Israeli Prime Minister, Benjamin Netanyahu, got a jab of Pfizer’s coronavirus vaccine in an event broadcast live, hoping to lead by example as polls showed a high level of mistrust to the immunization drive among Israelis.
The ceremonial injection took place at Sheba Medical Center near Tel-Aviv on Saturday, with Netanyahu sticking to his earlier promise and becoming the first person in the country to get vaccinated against Covid-19.
He got a shot of the immunization jointly developed by US pharma giant, Pfizer, and Germany’s BioNTech. Israel, which plans to launch vaccination of the general public next week, has so far received 300,000 doses of the inoculation, but expects to be in possession of 3.8 million doses by the end of December.
“A small injection for a man and a giant step for the health of us all,” the PM said, rephrasing the iconic words, said by the first man to step on the Moon, US astronaut Neil Armstrong. The Israeli leader said he was feeling “terrific” after the jab.
By launching the vaccination campaign Israel was “leaving the darkness of the coronavirus” and setting off on a journey to “a great light,” Netanyahu, who faced harsh criticism and large scale protests over his handling of the Covid-19 outbreak, said as cited by The Times of Israel.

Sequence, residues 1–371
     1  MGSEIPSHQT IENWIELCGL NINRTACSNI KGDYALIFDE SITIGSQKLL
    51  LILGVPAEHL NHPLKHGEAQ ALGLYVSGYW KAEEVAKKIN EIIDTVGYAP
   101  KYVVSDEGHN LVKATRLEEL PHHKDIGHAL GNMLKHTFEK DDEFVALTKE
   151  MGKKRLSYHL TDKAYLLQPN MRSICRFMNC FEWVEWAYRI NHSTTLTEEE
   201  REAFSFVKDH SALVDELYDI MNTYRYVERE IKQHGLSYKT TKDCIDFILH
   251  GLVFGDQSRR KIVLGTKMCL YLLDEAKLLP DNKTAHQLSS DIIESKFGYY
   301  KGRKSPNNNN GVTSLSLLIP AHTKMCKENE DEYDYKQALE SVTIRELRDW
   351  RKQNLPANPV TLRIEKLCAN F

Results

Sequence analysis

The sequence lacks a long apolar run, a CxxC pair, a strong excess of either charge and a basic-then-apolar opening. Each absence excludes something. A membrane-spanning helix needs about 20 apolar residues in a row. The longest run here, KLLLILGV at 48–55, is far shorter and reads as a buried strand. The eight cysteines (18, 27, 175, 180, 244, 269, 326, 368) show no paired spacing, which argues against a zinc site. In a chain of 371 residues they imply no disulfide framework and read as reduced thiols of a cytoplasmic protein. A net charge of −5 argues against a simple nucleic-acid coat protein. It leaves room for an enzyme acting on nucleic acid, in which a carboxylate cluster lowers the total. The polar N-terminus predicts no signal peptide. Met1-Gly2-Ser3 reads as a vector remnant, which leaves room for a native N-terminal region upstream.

“If everyone cooperates, keeps the rules and goes to get vaccinated, we’ll get out of this and we could well be the first country in the world to emerge from this [the pandemic]. Let’s do it together.”
Netanyahu said that by becoming the first recipient of the coronavirus vaccine in the country he wanted to set “a personal example so that all Israelis would go and vaccinate themselves.”
It remains to be seen if Israelis will heed the advice and follow the suit en mass. A new poll published on Friday suggested that the vast majority of Israelis are weary of getting vaccinated right away.
The survey, released by Ynet News, showed that less than 25 percent of Israelis were ready to receive coronavirus shots immediately. A poll by Haifa University conducted on Tuesday put the number of those willing to be in the forefront at around 20 percent.
Still, some two-thirds of the Israeli’s total population or 64 percent reported that they plan to get the jab, albeit in the long run, according to the Ynet poll. This, however, falls short of Netanyahu’s vision for all Israelis, without exception, to be vaccinated, and a Hayom poll last week showed that one-third (37 percent) of Israelis are poised to refuse the vaccination.
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